About the Bridge
The Manhattan Bridge connects Chinatown in Lower Manhattan and Downtown Brooklyn. The bridge supports seven lanes of vehicular traffic, four transit train lines, a pedestrian walkway and a separate bikeway. As of 2018, an average of over 75,800 vehicles, 2,700 pedestrians and 6,200 cyclists travel over the Manhattan Bridge each day.
- Total length from abutment to abutment at lower level: 5,790 feet
- Total length from portal to portal on the upper roadway: 6,090 feet
- Main span: 1,470 feet
- Length of each of the four cables: 3,224 feet
The Manhattan Bridge was completed in 1909 and it is the youngest of the three NYC DOT East River suspension bridges. The bridge was designed by Leon Moisseiff (1872-1943), who also assisted in designing the George Washington and Robert F. Kennedy bridges. The Manhattan entrance to the bridge is distinguished by an elaborate stone portal and vast plaza, designed by the architectural team of Carrère and Hastings, which also designed the main branch of the New York Public Library.
The bridge was the first to be built based on deflection theory, a radical engineering theory at the time. This theory held that the inherent structure of suspension bridges makes them stronger than was previously thought. Consequently, the bridge does not have massive stiffening trusses like those used on the Williamsburg Bridge.
In 2009, the bridge's centennial year, the American Society of Civil Engineers named it a National Historic Civil Engineering Landmark. A bronze plaque commemorating this honor hangs on the south side path on the Brooklyn side of the bridge near the intersection of Jay and Sands streets.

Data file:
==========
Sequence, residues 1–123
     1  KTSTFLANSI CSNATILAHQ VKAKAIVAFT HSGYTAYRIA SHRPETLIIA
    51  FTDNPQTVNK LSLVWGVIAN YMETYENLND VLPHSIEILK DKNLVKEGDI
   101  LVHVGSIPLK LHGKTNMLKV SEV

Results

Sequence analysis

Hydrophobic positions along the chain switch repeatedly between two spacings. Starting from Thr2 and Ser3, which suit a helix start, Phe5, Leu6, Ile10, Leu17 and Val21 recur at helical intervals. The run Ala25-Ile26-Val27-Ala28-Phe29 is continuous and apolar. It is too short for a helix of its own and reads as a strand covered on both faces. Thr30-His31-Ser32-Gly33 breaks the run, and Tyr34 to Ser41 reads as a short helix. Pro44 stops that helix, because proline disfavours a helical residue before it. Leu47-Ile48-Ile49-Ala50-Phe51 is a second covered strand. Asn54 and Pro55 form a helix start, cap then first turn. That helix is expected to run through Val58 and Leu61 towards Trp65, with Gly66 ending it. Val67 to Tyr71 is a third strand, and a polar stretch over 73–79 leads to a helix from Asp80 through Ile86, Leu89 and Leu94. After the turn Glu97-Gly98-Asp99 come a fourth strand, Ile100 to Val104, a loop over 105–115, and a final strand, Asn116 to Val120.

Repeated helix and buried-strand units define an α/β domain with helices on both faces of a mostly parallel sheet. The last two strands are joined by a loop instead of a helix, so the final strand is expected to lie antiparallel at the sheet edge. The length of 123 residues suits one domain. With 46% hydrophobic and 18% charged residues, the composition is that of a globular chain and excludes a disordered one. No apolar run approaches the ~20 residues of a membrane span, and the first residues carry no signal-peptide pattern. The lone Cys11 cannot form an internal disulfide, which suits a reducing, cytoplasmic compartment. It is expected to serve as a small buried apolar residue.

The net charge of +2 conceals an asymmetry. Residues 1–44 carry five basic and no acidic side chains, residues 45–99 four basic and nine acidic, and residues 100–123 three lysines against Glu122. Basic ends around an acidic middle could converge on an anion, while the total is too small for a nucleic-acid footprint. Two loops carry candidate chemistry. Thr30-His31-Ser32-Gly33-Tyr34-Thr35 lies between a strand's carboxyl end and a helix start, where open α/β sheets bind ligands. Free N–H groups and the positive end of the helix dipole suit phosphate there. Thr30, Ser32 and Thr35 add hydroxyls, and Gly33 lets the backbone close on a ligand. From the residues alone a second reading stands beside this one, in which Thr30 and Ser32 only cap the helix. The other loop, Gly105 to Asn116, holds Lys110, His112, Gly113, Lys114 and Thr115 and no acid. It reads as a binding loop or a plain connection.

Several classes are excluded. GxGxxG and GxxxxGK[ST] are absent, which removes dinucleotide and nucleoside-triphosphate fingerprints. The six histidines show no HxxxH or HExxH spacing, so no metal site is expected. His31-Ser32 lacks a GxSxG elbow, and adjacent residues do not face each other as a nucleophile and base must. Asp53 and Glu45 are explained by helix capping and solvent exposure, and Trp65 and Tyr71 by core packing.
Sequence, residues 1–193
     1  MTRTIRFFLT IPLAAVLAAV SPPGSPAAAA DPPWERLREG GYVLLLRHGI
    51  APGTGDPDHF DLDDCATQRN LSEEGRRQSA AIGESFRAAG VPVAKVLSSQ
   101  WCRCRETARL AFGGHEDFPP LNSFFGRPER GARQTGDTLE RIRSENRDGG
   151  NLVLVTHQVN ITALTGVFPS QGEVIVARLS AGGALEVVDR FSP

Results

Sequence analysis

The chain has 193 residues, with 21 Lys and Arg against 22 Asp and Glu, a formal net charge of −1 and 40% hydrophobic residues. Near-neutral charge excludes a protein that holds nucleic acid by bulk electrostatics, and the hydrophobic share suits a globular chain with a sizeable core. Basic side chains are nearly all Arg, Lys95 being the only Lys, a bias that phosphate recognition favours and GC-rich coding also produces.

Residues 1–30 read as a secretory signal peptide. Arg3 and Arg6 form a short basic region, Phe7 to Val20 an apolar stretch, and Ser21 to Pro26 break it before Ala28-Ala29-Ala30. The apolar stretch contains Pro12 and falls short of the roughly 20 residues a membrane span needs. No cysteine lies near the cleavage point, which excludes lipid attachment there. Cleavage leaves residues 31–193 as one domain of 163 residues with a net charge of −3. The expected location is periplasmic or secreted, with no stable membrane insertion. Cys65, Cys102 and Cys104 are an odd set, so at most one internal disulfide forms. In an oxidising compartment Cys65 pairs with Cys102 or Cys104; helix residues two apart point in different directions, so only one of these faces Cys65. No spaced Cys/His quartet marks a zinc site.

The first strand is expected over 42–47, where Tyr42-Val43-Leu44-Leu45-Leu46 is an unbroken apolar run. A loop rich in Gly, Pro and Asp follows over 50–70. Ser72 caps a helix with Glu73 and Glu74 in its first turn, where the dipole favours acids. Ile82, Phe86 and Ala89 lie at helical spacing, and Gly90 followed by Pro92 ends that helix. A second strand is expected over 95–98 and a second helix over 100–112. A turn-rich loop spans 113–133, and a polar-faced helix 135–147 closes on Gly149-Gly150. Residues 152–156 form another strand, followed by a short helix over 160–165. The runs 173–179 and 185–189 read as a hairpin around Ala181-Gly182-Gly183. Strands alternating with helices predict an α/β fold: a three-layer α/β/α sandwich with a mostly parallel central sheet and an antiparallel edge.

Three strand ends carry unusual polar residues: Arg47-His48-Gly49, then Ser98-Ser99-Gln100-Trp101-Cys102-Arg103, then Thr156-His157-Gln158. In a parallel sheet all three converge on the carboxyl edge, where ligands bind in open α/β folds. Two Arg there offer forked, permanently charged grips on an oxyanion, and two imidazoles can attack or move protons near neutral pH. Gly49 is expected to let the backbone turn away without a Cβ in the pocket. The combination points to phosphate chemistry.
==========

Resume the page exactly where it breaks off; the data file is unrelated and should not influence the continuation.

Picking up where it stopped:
News and Notices
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Structural and Component Rehabilitation
The Manhattan Bridge’s rehabilitation program continues under Contract 15. The project focuses on structural and component rehabilitation, as well as preservation of historic and architectural elements. Contract 15 began in November 2018 and is scheduled to be completed in September 2021.
- Retrofit transit floor beams on approach spans
- Replacement or repair of tower ornamental features
- Rehabilitation of saddles, saddle housings and anchorage housings at the Manhattan and Brooklyn anchorages
- Rehabilitation of truss members to improve load ratings
- Rehabilitation of trench drains and deck joints on the south upper roadway
- Rehabilitation of existing fire suppression standpipe system
- Replacement of walkway railing panels
- Bridge walkway painting
- One lane on the lower roadway is closed
- Periodic lane closures on the south and north upper roadways
- The lower roadway travel direction reversed during closures of the south upper roadway
- Partial closures of the sidewalk and bikeway, although a five-foot width will be maintained at all times.
Construction Project Contact
For more information about this project, please contact Anita Navalurkar, the community liaison for the project, at firstname.lastname@example.org or 646-942-3141.
8Contract 8 (1992-1997): Rehabilitation of the South Side Approach & Suspended Spans, $145M
8CContract 8C (1997-2001) : Painting of South Side Towers, Cables A & B, Interim Steel Rehab, $128M
10Contract 10 (2001-2004) : Rehabilitation of North Main Span, North Bikeway, Approach Tunnels, $195M
11Contract 11 (2005-2008) : Rehabilitation of Lower Roadway. Includes Manhattan Approach Spans, $156M
14Contract 14 (2010-2013) : Cable Re-wrapping, Necklace Lighting and Suspender Replacement, $160M